I came for the unusual rugs on exhibit -- "Afghan rugs: The Contemporary Art of Central Asia." There are over 40 rugs, of tightly woven wool, with motifs that depart radically from traditional designs. There are rugs depicting cityscapes of faraway, foreign cities. And rugs that are essentially woven world maps. I saw portrait rugs. But the many rugs that held my eye were the so-called "war rugs." This genre in the weaving had its genesis with the Soviet invasion of Afghanistan, and has continued through the American military involvement. These tapestries depict battle tanks, jet fighters, missile launchers, and Kalashnikov rifles, among other weapons. Such scenes are a stark reminder of how war is so interwoven into the recent Afghan culture. This exhibition will be at the museum until July 27th.
I also enjoyed the pre-Columbian exhibits, which are part of the permanent collection. There are earthenware vessels and figurines, both utilitarian and ritual, from South American, Central American, and Mesoamerican cultures. The Mayan pieces span a time range from pre-Classic to post-Classic, and include many polychrome works.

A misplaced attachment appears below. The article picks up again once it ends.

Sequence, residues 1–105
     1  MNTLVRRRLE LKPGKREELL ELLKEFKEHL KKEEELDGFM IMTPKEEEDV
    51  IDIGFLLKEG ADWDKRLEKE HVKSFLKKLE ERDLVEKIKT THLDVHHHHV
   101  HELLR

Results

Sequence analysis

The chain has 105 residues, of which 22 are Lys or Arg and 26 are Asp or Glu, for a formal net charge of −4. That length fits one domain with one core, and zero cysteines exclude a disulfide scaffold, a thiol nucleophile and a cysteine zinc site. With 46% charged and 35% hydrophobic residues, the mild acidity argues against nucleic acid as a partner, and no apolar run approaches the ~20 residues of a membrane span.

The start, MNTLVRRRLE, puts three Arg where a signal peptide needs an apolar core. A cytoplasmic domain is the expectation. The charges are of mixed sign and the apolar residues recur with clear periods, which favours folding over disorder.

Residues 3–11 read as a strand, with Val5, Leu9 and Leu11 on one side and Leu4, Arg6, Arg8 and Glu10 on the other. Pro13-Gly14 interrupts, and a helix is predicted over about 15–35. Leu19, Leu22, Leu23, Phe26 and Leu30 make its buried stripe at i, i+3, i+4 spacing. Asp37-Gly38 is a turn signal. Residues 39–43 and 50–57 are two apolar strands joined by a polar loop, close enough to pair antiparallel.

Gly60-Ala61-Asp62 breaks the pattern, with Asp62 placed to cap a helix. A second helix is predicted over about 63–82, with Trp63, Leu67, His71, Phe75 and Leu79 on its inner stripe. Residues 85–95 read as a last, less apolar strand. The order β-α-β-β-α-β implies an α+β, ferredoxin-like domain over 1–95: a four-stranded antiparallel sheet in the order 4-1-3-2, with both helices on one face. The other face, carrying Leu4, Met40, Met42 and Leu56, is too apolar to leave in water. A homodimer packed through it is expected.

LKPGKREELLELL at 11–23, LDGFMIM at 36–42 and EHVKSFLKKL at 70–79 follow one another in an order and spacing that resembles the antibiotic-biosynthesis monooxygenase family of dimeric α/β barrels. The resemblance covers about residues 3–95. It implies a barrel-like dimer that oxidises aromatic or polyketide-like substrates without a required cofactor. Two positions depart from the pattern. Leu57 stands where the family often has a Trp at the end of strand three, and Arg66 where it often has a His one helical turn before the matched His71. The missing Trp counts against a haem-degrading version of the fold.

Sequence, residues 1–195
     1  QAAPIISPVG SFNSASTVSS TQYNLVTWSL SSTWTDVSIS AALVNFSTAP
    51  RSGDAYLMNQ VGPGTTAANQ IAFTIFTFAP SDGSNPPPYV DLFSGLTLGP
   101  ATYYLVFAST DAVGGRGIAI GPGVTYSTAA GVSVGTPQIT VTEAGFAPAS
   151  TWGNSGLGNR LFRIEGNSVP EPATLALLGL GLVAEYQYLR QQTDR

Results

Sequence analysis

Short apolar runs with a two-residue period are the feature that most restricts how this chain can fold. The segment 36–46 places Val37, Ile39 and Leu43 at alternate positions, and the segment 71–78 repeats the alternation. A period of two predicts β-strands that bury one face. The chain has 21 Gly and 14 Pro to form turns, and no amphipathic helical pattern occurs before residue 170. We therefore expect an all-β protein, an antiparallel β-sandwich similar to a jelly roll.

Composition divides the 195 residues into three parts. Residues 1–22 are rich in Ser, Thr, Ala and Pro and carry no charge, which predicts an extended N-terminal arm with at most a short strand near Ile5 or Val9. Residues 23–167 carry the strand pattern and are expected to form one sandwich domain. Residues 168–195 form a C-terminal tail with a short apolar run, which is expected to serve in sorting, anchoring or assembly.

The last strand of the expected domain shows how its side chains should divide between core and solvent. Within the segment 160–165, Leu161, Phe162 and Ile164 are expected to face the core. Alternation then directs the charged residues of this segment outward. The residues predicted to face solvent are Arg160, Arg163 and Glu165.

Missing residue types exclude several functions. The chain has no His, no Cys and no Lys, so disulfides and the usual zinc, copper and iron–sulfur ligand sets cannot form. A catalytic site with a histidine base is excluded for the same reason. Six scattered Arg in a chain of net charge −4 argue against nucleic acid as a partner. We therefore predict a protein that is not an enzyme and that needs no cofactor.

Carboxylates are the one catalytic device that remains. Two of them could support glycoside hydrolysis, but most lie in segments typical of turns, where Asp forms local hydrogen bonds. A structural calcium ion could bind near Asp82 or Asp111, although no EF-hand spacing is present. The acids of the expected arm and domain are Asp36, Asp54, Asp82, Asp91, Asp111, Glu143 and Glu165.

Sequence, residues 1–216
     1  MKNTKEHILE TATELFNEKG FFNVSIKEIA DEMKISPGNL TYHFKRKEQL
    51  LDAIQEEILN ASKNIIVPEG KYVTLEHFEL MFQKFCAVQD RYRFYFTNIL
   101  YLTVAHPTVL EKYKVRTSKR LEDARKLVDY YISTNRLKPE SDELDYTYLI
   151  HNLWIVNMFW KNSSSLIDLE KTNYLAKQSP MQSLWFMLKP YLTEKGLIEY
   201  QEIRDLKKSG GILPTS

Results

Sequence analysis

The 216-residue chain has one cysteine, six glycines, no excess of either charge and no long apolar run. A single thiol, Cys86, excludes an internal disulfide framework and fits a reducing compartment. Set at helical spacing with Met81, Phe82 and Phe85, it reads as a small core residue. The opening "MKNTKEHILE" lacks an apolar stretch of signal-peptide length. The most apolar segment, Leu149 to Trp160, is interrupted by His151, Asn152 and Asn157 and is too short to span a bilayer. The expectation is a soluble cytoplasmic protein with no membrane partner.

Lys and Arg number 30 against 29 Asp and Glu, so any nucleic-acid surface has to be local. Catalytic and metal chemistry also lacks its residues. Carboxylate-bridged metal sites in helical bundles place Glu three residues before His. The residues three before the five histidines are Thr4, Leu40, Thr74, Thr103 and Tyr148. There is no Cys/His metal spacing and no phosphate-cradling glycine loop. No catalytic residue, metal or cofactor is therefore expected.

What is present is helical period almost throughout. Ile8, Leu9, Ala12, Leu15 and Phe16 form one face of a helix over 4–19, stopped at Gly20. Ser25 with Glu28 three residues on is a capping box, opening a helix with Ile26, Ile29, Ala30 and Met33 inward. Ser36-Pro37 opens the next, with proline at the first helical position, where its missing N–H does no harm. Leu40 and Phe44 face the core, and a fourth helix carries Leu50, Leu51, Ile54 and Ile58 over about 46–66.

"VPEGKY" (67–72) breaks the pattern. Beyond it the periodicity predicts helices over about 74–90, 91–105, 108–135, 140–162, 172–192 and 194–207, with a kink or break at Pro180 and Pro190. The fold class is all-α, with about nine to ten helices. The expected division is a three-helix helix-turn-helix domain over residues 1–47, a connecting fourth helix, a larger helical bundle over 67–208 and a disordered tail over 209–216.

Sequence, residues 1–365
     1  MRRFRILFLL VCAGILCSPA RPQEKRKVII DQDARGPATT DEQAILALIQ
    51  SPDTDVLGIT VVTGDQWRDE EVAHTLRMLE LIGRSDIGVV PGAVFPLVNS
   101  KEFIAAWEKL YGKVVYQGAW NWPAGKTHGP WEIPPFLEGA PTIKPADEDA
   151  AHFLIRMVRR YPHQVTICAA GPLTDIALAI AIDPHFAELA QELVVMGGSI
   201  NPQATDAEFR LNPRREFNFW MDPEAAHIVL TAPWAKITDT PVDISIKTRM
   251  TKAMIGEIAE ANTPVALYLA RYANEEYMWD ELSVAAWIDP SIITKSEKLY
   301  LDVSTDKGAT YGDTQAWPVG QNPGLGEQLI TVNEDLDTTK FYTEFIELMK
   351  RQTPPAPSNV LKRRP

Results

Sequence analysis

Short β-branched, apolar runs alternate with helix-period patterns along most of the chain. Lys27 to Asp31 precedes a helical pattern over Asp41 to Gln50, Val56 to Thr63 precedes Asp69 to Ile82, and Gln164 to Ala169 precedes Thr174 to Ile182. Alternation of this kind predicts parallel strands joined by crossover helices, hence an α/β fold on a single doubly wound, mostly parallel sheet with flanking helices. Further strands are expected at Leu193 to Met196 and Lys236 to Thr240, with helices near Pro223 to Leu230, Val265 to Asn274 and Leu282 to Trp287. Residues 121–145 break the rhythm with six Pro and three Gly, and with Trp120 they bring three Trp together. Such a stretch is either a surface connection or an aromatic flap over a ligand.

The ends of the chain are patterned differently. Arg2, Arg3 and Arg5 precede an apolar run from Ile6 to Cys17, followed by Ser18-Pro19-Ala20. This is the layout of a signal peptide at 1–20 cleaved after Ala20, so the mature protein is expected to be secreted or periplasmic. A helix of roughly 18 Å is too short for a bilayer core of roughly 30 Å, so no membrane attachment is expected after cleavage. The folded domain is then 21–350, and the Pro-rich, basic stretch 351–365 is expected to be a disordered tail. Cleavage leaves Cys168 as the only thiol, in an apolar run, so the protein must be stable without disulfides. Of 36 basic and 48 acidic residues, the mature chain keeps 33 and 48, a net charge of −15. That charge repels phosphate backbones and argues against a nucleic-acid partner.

There are exhibits from all over sub-Sahara Africa: carved wooden face masks, some with elaborate decorations, and intricately carved wooden figurines. They are part of the permanent collection.
I was awed by the glass sculptures on display. This exhibition is small in numbers, but the works are elegant, colorful, and intricate.
There is no café in the museum, but there are some fine restaurants within a couple of blocks in Mizner Park.
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